The majority of this blog post is my interpretation of the book The Secret Language of Feelings by Calvin D. Banyan. This is part 1 of 2 blog posts.
I love this book because it pairs perfectly with what I teach as a life coach. Our brains work in a think, feel, act cycle. Very simply put, you think a thought, feel a feeling, and take an action.
If you don’t understand how it works, your life can feel out of control. That’s how I felt before my life coach taught me how to master this cycle in my life.
Every single result you have or don’t have in your life is because of this cycle.
Feelings are natures built in guidance system. They let us know whether our needs are being fulfilled or not. When we don’t meet the needs our feelings signal to us, our lives are filled with frustration, stress, and eventually depression.
We handle most of our emotions through distracting.
I usually refer to it as buffering, but this book calls it distracting. It’s the same concept.
We suppress our feelings by moving away from what is bothering us, to something else.
We focus on cleaning, eating, alcohol, drugs, TV, shopping, anything other than what our feelings signaled us they need.
It’s not that doing those things is the problem, it’s doing them instead of meeting your emotional needs that’s a problem.
Emotions start in our brains.
We have a thought and then that thought releases a chemical that creates the physical expression of an emotion that you feel in your body. We aren’t always aware that the thought came first though. It’s often a subconscious thought or what I call your brain on autopilot.
Unless you are working on awareness of your thoughts, most people think they have an emotion first. That’s because the emotion creates a physical sensation that gets your attention.
It takes work to start bringing the thoughts you are thinking into your awareness, so you know why you are feeling the way you are.
We tend to think of feelings as good or bad, wanted or unwanted.
What if you could change that perception and think all feelings are good because they are providing us with information, direction, and motivation that will help us create a satisfying life?
Feelings aren’t a nuisance.
It’s like the sensations our skin feels. You feel hot when you stick your hand in the oven. It’s a signal. Don’t touch the inside of the oven or you will get burned. You don’t want to get burned so you listen to the signal.
Not listening to feeling signals yields discomfort as well, but the pain builds up slowly, so we ignore it for longer.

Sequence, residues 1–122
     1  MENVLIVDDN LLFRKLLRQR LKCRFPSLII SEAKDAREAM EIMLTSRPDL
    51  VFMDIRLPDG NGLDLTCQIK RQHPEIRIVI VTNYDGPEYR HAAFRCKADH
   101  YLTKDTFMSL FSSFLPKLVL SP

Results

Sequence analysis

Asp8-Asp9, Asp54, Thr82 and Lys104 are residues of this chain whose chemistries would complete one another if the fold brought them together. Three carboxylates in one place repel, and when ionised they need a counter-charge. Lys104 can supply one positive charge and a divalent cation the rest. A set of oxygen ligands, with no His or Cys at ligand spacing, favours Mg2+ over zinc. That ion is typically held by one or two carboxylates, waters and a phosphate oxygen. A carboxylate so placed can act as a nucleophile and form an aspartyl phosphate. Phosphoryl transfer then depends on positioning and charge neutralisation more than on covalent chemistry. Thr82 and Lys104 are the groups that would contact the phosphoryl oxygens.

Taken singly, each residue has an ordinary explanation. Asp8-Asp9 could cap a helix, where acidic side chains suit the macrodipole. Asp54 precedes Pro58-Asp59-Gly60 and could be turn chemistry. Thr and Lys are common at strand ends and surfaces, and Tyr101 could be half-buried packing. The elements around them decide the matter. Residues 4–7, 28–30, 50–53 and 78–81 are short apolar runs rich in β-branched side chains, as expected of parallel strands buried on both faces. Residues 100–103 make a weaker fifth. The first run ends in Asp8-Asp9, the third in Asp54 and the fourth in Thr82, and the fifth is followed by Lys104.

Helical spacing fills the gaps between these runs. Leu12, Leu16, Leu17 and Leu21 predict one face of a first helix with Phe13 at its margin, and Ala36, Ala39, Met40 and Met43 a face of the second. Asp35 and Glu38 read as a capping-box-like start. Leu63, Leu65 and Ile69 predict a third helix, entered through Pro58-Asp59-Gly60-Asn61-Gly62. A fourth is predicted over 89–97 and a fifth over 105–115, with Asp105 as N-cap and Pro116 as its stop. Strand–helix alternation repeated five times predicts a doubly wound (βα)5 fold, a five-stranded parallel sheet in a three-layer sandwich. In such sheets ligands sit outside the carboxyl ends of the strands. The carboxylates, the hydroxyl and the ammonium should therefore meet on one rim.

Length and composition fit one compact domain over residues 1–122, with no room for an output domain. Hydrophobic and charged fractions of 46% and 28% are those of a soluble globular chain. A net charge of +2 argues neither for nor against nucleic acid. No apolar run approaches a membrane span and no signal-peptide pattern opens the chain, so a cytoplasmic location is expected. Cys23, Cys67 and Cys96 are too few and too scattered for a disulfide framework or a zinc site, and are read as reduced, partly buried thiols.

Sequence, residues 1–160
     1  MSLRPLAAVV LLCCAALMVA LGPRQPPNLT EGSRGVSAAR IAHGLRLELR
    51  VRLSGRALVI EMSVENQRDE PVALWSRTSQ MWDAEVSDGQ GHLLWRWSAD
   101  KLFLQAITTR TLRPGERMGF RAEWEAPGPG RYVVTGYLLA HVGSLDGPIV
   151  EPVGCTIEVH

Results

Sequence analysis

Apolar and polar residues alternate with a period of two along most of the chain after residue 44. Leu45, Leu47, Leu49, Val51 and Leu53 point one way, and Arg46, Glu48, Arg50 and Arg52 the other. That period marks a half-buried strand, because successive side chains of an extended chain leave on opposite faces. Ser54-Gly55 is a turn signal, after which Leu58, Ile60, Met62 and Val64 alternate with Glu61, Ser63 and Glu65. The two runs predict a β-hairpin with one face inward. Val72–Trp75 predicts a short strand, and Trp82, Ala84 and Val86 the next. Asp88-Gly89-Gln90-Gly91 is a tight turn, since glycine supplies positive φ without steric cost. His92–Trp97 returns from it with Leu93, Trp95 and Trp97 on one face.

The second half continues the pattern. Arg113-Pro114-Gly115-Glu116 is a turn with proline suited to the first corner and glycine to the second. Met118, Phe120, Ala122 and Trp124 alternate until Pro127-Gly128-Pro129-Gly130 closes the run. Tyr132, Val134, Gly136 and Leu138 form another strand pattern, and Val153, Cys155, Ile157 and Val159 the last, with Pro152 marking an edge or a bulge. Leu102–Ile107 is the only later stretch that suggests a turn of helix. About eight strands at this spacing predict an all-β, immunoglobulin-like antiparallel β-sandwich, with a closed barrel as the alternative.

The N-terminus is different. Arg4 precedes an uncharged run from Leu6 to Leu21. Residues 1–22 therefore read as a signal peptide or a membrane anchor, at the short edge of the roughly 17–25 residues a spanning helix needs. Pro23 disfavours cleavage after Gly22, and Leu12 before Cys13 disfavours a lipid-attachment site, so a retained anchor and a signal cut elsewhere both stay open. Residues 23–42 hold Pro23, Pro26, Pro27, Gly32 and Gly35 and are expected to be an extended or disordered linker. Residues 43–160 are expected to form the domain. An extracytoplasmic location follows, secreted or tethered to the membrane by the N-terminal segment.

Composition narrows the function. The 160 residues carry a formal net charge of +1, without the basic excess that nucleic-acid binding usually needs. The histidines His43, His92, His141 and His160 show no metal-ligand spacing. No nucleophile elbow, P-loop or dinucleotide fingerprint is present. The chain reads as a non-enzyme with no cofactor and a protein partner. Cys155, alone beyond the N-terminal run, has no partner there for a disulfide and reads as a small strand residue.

There are three categories of feelings:
1. Primary – experienced as soon as some need, want, or desire becomes significantly unsatisfied
2. Secondary – when you don’t satisfy the need, want, or desire from the primary feeling, you greatly increase your pain byadding frustration to it
3. Tertiary – If you don’t listen to the message of frustration that you need to do something different then you were before, your frustration will lead to depression
There are 8 primary feelings, 1 secondary, & 1 tertiary feeling discussed in the book.
Here are all 10 feelings & their associated needs:
Boredom – Primary – Need to grow through challenge
Anger – Primary – Need to experience fairness for self & others
Guilt – Primary – Need to be fair to others
Sadness – Primary – Need to keep valued things & people
Loneliness – Primary – Need to have meaningful relationships
Inadequacy – Primary – Need to feel good enough/adequate
Frustration – Secondary – Need to meet needs through own efforts
Depression – Tertiary – Need to be effective & hopeful
Today I’m just going to write about Anger and Guilt to keep it short. Guilt and Anger are closely related because they are both caused by a perception of unfairness.
Guilt = I did something unfair that will either harm someone I care about or I will be harmed as a result of what I did.
Anger = I perceive that a circumstance is unfair to me or the people and things that I care about and could be harmful.
Do these 3 things when you feel angry or guilty and try to be as objective as possible:
1. Identify or name the feeling such as irritated, enraged, ashamed, blame etc.
2. Identify the cause of the feeling. Be specific about exactly why you feel angry or guilty.
3. Identify a satisfying response using these questions as a reality check
a. Is your perception of the situation accurate? Is it really unfair? Can you find any element of fairness?
b. If the situation is unfair, attempt to make it fair for both anger and guilt
c. If the situation can’t be made fair, in the case of anger forgive others, in the case of guilt forgive yourself.
The next time you find yourself feeling guilty or angry stop and ask yourself what you think is unfair in the situation. Then go through the three things above.
It’s a great way to stop an obsessive thought loop that doesn’t meet the needs your body is signaling to you.
Taking the time to stop and ask yourself those questions and do that exercise is how you figure out what you need and how you find peace with your situation.
Next week I will write part 2 and go into the other feelings 6 feelings and how not meeting them leads to frustration and depression. You will look at depression in a whole new light. It has a purpose.